As the sun sank lower, cars started to arrive at the Liberty Loop parking lot. They pulled in by ones and twos. I had been standing there for hours with my feet ice cold in the snow jawing with some bird photographers. We watched Harriers, Red-tailed and Rough-legged Hawks, a Merlin and loads of Canada Geese and Sparrows. A Barred owl started to inquire about our dinner arrangements.
One of the photographers had been coming to the marsh for weeks and had not seen a Short-eared Owl in all that time. I had not seen one there since mid-December. As people arrived asking about the Owls, we all just shrugged. Many people left, heck, I left. But after a tongue-burning cup of cocoa, I came back to resume the vigil.
Friends of mine from Long Island arrived bubbling with news of having seen Long-eared Owls. As they told there story again and again for new arrivals, I idly scanned the marsh. They must have brought owl luck with them for as the sun inched further in the west and the sky’s pastels turned fiery, a Short-eared Owl rose from the marsh and started to course back and forth. I whirled around shouting at the photographers chatting in the parking lot. “We’ve got owls!” Everyone hustled up to the upper level.
In the end there were 4. The cool thing was that it was light enough that you could easily see the differences between the male and females and tell them apart.
Melody came to pick me up at O’dark:30 to go owling.
With a warning about possible snakes and illegal drug smugglers, we stalked off into the pitch black desert under more twinkling stars than I have seen in a long, long time. Shivering in the cold pre-dawn hour we stood in the darkness listening, straining to hear. We waited. Fortunately we only were out for a mere half an hour, when the first Western Screech hooted, far in the distance. Others soon answered from the right and left of us. As the darkness paled, we saw a flicker of movement into a tree behind us. Melody snapped on the flashlight to spot the small gray owl. I held my breath and whipped up my bins to get a look, then she snapped off the light. My first Western Screech Owl.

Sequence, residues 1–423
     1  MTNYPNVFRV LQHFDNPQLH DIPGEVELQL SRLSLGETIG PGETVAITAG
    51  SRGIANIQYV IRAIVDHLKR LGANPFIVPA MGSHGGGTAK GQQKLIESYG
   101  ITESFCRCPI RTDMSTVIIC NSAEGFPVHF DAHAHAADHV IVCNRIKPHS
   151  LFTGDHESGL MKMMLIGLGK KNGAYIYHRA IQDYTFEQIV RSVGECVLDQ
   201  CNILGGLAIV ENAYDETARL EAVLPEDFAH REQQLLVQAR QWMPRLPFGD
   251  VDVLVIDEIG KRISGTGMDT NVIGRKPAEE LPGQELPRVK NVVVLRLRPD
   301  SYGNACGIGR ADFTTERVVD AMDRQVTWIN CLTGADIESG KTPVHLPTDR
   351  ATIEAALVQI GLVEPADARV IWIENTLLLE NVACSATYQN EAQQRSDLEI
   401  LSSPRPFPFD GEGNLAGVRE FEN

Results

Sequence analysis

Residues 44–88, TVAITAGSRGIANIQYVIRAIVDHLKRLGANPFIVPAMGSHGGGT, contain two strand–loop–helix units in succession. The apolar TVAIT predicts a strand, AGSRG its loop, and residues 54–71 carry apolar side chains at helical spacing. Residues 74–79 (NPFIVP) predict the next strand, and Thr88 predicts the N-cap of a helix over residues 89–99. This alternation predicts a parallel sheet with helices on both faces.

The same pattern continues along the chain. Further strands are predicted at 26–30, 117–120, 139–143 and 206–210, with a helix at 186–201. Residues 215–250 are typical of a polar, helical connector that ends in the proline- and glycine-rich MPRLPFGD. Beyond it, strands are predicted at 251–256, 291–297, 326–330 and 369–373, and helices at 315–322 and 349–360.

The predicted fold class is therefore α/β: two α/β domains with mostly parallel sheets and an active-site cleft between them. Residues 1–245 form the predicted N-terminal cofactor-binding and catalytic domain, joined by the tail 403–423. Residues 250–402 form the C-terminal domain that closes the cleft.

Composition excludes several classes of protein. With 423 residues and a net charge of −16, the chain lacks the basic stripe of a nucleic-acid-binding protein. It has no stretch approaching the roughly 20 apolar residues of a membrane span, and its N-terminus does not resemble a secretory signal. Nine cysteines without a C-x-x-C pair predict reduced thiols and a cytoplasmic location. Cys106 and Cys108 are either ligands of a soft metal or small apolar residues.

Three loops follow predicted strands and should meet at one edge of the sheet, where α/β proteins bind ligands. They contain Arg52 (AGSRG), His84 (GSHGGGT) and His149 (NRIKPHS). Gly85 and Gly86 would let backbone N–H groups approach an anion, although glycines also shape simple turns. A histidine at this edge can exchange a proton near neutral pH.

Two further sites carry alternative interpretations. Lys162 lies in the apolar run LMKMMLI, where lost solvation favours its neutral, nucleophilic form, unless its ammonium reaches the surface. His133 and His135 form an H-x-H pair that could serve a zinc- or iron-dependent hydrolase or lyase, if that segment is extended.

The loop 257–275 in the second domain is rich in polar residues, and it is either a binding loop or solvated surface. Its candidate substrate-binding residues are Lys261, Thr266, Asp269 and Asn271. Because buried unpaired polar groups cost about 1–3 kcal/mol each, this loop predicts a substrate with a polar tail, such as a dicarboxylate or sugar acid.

We needed to move further up the mountain for the Whiskered Screech. In parking lot after parking lot we tried for the owl but came up short. Finally in the third lot we tried, we hit pay-dirt coming across a family. Standing in the dawning day, I heard from the distance a screaming or maybe a howling. My first thought was coyote. I cocked my head trying to place the sound. Melody whispered, it was a young Whiskered Screech. Within minutes we had 6 owls all around us. She spotted tree after to tree but we could not find them. Finally we left the parking lot and went into the woods. There again, we saw something silently fly into a copse of trees above us. We had found the small gray owl. We watched as it hooted to the others.
I did a happy dance on the way back to the car. Owls are so amazing.
The third owl, I heard from across a ravine at the end of the day. Searching for a mixed flock that might have the Mexican Chickadee, we went higher and higher in the Chiricahua mountains. We never did find the flock, but there off in the distance came the faint but clear hoots of a Northern Pygmy Owl, a diurnal hunter of other birds. No wonder the birds were keeping a low profile. I would too.
Here is the list for today. I saw many of the same birds as yesterday; but did add a few lifers. We spent time in the grasslands since the rain had stopped before heading down to the Chiracuahuas to look for the Mexican Chickadee, Yellow-eyed Junco and the Olive Wabler. I only saw the Junco. What a terrific bird!
Great Blue Heron
Western Screech Owl
Whiskered Screech Owl
Northern Pygmy Owl
Black-throated Gray Warbler
Dark-eyed Junco – Gray capped form